It’s been another breakthrough year for female MMA.
Invicta FC President Shannon Knapp certainly played her part. Ahead of the final Invicta event of the year on Saturday, Knapp joined the Sherdog Radio Network’s “Rewind” show to discuss her promotion, “The Ultimate Fighter 18” and more.
Knapp on how female MMA has progressed this year: “I think we’ve done amazing things this year in breaking down the barriers and moving the sport forward for the females. I’ve seen the landscape change. The fans have, in my opinion -- you’ve always got a lot more work to do, but I feel like the fans have really embraced it, and with the UFC behind it, we’ve kind of pretty much taken it to that next level. I think 2014 is going to be an even much more exciting year filled with a ton of opportunities for the athletes.”
On the UFC’s presentation of female MMA so far: “I think they’ve done a great job at pushing this out there, but also with the broadcast deal with Fox, I think we’ve seen a lot more of that than we’ve seen previously. I’m pretty impressed on all levels, whether it’s men or women, when it comes to how they’re packaging it and some of the programming that they’re doing. For me, I think they did an amazing job, but when it comes to the females, anything that’s positive and gives them more exposure, to me, is a good thing.”
On why the female fights drew better ratings on “The Ultimate Fighter”: “I always get myself in trouble for being so honest in my opinions, but I think it’s because we’ve seen so much with the men, you get a little … not that you get bored with it, but we’ve seen it. We’ve seen a lot of scenarios play out because they’ve had many seasons. I think with women, you still have the fans that are diehard fans and follow the men’s side of the sport, but I think people tuned in to see what it was going to be like because I think people expected it to be kind of a train wreck with the personalities, with Ronda and Miesha and their battles along with having men and women in the house. … I think a lot of people still wonder what makes a female want to get in there and do this. We’ve figured it out with men because we’ve been watching and studying.”
On what stood out this season: “Ronda’s very competitive. She had Miesha’s number last time. This time it looks like Miesha is way more in control of her mind and she’s not letting Ronda get to her. I think probably one of the more memorable [moments] was when Miesha walked on to replace Cat. … I did notice, most of all, the men kind of fell in the background. But if you’re going to have two female coaches and put men in there and this is the first time with women, it was bound to happen.”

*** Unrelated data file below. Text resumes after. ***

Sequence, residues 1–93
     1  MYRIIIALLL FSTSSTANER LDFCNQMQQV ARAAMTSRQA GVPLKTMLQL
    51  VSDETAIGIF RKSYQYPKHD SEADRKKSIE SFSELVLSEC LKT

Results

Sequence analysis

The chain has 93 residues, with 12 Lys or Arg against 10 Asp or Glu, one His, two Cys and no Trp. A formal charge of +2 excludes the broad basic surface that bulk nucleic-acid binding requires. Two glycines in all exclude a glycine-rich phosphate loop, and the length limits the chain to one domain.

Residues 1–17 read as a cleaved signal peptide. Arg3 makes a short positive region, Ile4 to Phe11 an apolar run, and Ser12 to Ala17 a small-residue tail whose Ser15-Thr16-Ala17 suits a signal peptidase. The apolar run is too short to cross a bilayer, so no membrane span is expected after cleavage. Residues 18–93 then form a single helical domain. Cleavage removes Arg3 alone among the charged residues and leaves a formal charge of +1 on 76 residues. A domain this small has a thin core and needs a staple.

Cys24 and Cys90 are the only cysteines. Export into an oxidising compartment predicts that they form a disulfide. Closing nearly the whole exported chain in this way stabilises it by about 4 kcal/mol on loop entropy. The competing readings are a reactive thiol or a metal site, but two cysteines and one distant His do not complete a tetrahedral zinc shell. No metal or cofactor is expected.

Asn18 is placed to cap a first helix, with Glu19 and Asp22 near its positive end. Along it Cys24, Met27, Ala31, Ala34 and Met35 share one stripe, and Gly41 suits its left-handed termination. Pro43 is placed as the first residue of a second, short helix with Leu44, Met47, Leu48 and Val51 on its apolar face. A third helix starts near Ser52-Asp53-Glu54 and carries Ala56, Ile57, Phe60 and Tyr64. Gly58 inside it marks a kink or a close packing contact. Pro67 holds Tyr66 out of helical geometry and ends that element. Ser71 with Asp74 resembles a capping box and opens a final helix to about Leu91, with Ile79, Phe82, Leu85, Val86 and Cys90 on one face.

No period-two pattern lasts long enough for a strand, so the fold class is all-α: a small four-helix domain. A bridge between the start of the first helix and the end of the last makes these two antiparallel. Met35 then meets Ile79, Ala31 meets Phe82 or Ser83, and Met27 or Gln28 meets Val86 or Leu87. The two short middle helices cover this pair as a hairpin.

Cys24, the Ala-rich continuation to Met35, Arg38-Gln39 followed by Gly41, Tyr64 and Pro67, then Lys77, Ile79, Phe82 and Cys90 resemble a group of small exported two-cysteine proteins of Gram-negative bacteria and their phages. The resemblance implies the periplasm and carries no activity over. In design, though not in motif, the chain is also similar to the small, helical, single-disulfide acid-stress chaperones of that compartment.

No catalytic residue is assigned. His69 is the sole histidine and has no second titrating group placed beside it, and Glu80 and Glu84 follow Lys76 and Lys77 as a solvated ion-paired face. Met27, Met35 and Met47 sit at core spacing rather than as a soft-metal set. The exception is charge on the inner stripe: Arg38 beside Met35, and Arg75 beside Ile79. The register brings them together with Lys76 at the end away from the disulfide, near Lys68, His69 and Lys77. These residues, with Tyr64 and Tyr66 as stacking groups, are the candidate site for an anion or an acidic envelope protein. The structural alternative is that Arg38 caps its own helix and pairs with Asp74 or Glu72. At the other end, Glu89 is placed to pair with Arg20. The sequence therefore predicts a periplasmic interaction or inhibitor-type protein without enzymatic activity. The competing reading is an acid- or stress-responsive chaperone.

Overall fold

On seeing some female MMA veterans like Shayna Baszler not make it far on the show: “To see [Baszler] get that shot and fall short, yeah, of course it’s disheartening. It’s always disheartening when you root for someone to have an opportunity and it doesn’t work out the way you would have liked it or hoped it would for them, but with that being said, there’s a wave of new talent that’s coming through. We witnessed this with the men. … You can witness kind of the same patterns moving forward with women. Athletes coming in with two fights, three fights, something like that, are jumping up in competition and are holding their own and are becoming victorious. It’s a new wave.”
On the UFC wanting to add a 115-pound weight division and possibly taking fighters from the Invicta roster: “The thing is, they can’t just take because I have contracts. [Contracts] keep them from just taking. I look at it more like it’s really a testament to what I’m accomplishing and achieving here in Invicta. … [115 is] my deepest division, a division I’ve nurtured and cared for to build and amass what I think are the top tier definitely in that weight division and to have so many personalities that accompany these athletes. It’s a very entertaining and very interesting division just because it so versatile, and the personalities are larger than life. You don’t have just one; you have many. For me, I look at it differently than a lot of people do. I look at it like it’s a measure of whether I’m being successful at what I set out to do. I think it’s a great thing. If they’re at that division and even considering it, you know that we’ve had to have some type of impact for that to happen.”
Listen to the full interview (beginning at 33:18).